At the time, General Clarke was leading our effort to train and equip Iraqi soldiers as a Commander of the famed 82nd Airborne Division. As they were preparing for the battles of Ramadi and Mosul, I pushed him and the 82nd Airborne Division to speed up their timeline. And true to form, Rich and his team worked hard and moved further and faster, and they fought harder. And they absolutely got the job done.
Here at SOCOM, General Clarke has made this Command more resilient. He’s improved the quality of special operators. And he’s strengthened SOCOM’s force and families.
Rich, I want to personally thank you for all you’ve done to keep America safe and to serve all those under your command. You have done a magnificent job.
I wish you and Suzanne all the best in a well-deserved retirement.
As we say farewell to one outstanding leader at SOCOM, we are welcoming another in General Bryan Fenton.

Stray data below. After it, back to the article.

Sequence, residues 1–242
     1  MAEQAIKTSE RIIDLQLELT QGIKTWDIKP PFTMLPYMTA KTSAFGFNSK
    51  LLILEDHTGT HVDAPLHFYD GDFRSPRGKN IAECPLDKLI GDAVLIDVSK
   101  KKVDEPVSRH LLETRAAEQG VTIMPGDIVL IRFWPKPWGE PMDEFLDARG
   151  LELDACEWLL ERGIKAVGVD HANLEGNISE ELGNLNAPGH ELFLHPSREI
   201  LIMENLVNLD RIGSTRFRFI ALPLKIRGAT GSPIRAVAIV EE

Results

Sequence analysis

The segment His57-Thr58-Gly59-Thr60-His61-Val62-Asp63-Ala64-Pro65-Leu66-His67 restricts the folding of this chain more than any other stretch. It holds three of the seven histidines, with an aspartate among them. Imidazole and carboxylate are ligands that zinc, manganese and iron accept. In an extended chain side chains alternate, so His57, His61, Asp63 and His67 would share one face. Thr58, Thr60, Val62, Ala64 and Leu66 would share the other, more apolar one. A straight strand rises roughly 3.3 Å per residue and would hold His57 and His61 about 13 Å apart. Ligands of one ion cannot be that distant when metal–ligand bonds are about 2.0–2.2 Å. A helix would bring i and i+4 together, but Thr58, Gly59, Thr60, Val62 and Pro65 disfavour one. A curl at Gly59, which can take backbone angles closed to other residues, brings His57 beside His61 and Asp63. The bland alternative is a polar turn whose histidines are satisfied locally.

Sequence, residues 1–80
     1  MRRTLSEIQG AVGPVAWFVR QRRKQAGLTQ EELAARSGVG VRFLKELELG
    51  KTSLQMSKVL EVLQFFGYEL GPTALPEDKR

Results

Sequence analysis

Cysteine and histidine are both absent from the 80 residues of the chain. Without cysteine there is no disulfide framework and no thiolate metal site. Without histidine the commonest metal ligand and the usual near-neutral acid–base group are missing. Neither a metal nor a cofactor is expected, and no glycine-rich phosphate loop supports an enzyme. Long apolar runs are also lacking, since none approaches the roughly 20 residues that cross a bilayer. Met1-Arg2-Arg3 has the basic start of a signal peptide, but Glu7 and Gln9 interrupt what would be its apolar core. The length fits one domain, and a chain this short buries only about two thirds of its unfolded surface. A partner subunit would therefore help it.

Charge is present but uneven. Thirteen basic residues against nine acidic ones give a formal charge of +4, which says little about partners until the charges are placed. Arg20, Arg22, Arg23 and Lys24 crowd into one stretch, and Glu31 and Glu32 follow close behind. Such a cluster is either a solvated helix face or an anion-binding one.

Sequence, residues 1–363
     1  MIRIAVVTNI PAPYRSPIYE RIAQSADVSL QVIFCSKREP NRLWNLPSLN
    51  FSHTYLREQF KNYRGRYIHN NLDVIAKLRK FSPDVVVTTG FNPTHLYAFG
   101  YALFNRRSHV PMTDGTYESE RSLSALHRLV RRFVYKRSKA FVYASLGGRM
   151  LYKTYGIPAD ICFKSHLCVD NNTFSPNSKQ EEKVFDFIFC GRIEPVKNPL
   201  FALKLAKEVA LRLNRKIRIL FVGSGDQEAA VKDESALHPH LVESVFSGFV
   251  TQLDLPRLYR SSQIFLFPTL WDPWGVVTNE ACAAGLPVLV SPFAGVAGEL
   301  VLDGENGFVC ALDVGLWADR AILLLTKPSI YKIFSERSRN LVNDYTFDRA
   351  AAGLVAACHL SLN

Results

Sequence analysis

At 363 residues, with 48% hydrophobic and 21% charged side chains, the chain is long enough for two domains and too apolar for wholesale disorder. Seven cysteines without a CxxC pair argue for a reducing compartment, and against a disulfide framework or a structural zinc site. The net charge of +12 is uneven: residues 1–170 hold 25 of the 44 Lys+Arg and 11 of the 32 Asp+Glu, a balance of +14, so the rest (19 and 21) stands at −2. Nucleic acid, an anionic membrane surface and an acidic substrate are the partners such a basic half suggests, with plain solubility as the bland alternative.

Now, if you had to pick a few words to sum up Bryan, they would be: “God, Country, Notre Dame.”
Couple of Notre Dame guys in the crowd, too. Notre Dame!
Yup, they’re there.
Bryan’s love for the University of Notre Dame began at a young age. And he’s said that wanting to go to college there was what prompted him to fill out an ROTC application.
That application set him on a path to spend the next 35 years in uniform.
And General Fenton has served in, and commanded at, every level of Special Operations Forces.
He’s been a part of operations in nearly every region around the world.
And General Fenton has built up extensive expertise in the Indo-Pacific. In fact, he managed to get four consecutive assignments in Hawaii.
Four assignments in Hawaii. And it culminated in General Fenton becoming the first special operations officer to serve as the deputy commander at U.S. Indo-Pacific Command.
Bryan, following your time in Hawaii, it must have felt like your luck had run out when you had to leave surfing behind, and you took your next assignment at the Pentagon as the Senior Military Assistant to the Secretary of Defense.